There I was, watching my old VHS copy of The Boys from Brazil, idly reading the lab reports on the swabs I took from my gentile neighbor’s kids when he wasn’t looking, and revising the bassoon part of a concerto I’ve been working on, when I saw something alarming trending on Twitter. Not ‘eugenics’, but ‘Bret Stephens’.
‘What’s he done now?’ I asked in six languages, two of them not from the Indo-European language family.
In today’s New York Times, Bret Stephens discusses Norman Lebrecht’s excellent new history of the Jews in modern times. Lebrecht describes the unparalleled contributions of notorious underachievers like Marx, Freud, Heine, Disraeli, Herzl, Trotsky, Kafka, Wittgenstein and Einstein but, inexplicably, he fails to mention the contributions of members of the Green family — a lacuna that I, with my inherited Ashkenazi acumen, can already see him correcting in the paperback edition.
Lebrecht specifically does not attribute Jewish success to ‘Jewish DNA’. He attributes it to environmental factors: the Jewish tradition of Talmudic study, which produced near-universal adult literacy among Jewish males when most Europeans couldn’t even write ‘well-poisoner’ in blood; to the cultural imprint of intellectual labor even among secular Jews; to the Jewish emphasis on hard work, family and education; and to the perennial threat of violence, as nothing concentrates the mind like the prospect of your neighbors burning you and your children alive in your home.
There is solid evidence for all these environmental factors, and plenty of evidence that similar factors apply to many other minorities. There is less solid evidence for genetic factors in Jewish achievement, and especially epigenetic factors (changes in gene expression in living organisms, presumably due to environmental factors). Bret Stephens summarizes all this by saying, ‘Jews are, or tend to be smart’.
This is not terribly smart. Perhaps it reflects the errors of compression that go into editing. The evidence that we have — and it would be interesting to have more — is that Jews aren’t much smarter than any other group. The difference is that they produce high-achieving intellectual outliers at a slightly higher rate. As in athletics, so in the life of the mind: the higher you get, the more marginal the advantages become.
Stephens also refers to a genetic study from 2005. This is an interesting study — you see, we read all the time. In particular, it challenges the ‘bottleneck theory’ (Ashkenazi genes were ‘bottlenecked’ in the early Middle Ages) and instead focuses on how ‘intelligence in heterozygotes’ are increased by the ‘well-known clusters of Ashkenazi genetic diseases, the sphingolipid cluster and the DNA repair cluster’. I want you to know that I understood that first time round, while making a pastrami sandwich.
The mention of athletics shows how fast the topic of heredity slides into the unsayable. Is there a genetic component to the excelling of Kenyans and Ethiopians at long-distance running? Why are Afro-Caribbeans, who were subjected to a horrific ‘bottlenecking’ under slavery, better at sprinting than whites from the same geographical zone? Why, returning to safer ground, have Sephardi and Mizrachi Jews not produced the army of Nobel prize winners that the Ashkenazim have?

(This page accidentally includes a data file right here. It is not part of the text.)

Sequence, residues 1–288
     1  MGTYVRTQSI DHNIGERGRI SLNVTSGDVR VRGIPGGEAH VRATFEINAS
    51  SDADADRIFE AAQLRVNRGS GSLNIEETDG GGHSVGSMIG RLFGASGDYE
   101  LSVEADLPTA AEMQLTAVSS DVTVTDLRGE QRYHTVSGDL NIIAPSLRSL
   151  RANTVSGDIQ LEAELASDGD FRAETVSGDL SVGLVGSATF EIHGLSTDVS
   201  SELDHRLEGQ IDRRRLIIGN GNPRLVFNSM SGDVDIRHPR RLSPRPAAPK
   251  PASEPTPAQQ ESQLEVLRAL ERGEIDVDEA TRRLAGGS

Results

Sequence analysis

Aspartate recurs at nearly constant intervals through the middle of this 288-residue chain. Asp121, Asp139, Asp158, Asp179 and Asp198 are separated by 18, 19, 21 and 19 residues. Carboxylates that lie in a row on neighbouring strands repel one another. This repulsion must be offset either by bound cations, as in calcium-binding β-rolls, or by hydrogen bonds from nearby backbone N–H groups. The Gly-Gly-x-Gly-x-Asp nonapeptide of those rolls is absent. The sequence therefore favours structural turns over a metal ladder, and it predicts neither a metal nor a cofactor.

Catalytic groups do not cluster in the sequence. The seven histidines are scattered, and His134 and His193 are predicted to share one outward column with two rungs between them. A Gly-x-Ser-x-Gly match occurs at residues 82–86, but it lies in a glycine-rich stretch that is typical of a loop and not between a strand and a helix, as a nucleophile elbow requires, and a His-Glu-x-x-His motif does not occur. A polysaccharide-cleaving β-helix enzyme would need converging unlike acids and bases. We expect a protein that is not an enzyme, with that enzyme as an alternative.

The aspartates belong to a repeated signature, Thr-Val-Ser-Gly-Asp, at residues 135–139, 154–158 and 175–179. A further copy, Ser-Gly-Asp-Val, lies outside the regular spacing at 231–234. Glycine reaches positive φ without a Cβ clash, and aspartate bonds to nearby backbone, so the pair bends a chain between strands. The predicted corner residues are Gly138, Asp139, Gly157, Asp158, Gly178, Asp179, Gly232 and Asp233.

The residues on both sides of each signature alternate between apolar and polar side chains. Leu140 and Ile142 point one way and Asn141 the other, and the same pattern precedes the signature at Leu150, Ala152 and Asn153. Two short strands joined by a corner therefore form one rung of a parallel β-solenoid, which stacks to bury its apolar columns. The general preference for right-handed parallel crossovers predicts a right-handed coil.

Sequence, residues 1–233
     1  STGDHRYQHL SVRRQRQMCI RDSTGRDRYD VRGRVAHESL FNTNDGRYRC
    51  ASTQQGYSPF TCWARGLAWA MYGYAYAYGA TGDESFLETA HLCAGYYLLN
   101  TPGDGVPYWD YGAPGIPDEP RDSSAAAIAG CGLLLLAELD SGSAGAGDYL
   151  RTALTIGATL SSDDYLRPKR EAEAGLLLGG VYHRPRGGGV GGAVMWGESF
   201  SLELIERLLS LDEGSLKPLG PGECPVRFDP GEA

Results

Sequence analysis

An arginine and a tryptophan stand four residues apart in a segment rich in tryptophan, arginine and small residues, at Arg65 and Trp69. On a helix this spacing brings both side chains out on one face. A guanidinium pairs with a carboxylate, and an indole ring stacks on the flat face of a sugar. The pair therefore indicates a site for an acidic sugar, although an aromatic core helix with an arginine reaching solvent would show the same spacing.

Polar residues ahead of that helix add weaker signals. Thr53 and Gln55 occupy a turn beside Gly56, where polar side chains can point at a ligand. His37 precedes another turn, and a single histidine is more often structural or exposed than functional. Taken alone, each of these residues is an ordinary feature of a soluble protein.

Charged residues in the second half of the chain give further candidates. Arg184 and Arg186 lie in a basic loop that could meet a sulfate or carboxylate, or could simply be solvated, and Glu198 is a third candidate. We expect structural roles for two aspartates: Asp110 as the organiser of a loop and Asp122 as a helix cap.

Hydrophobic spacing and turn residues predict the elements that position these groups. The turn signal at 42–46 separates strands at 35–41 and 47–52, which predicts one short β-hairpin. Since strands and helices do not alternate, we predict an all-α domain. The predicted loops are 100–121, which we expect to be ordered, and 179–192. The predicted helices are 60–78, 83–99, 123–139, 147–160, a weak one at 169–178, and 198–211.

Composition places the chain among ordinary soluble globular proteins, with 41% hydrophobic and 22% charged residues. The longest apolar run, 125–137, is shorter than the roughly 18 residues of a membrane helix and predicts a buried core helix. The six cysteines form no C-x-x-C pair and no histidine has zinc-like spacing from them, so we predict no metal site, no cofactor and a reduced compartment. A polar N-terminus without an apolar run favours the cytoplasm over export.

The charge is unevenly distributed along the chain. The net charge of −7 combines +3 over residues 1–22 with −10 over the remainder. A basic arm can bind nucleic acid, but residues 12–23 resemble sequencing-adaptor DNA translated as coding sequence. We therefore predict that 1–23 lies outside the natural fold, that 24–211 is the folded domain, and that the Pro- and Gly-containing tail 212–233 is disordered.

These are difficult questions, in part because they suggest that what applies to cattle might apply in marginal degree to humans. Nietzsche may have been right when, plagiarizing Kelly Clarkson, he said that ‘What doesn’t kill me makes me stronger.’ But to pretend that difficult questions cannot be asked because some people will draw dumb or malicious conclusions is to surrender truth and the advancement of knowledge to the arbitrary moods of the mob and its digital commissars.
These dimwits were out on Twitter within hours on Saturday. In the Guardian, the New York Times’s twin these days in thick virtue-signaling, Edward Helmore wrote that that Stephens had ‘sparked furious controversy online for a column praising Ashkenazi Jews for their scientific accomplishments, which critics say amounts to embracing eugenics’. In other words, praising a group for actual accomplishments is racist.
There is nothing obnoxious at all in what Stephens has said. There are obviously obnoxious things in the history of eugenics, and also it appears that one of the authors of that 2005 paper has said some obnoxious things. All of which may be true and regrettable, and none of which discredits social facts and scientific findings.
If you wish to avail yourself of the secrets of Jewish genius, there are two simple courses of action. One is to enlist your children at an early age in the study of the Talmud, and teach them the values of ethics, work and family, which are also the near-universal immigrant virtues. This will be demanding for both them and you: helping them with math homework will be a cinch by comparison.
The other option is to hire Jewish people who show marginal aptitude in their fields of specialization. This is the much less demanding course to take, and it is much more likely to lead to success in the long run. But it does mean refraining from chasing them out of the universities, the professions and the Democratic party. So, be smart like us.
Dominic Green is Life & Arts editor of Spectator USA.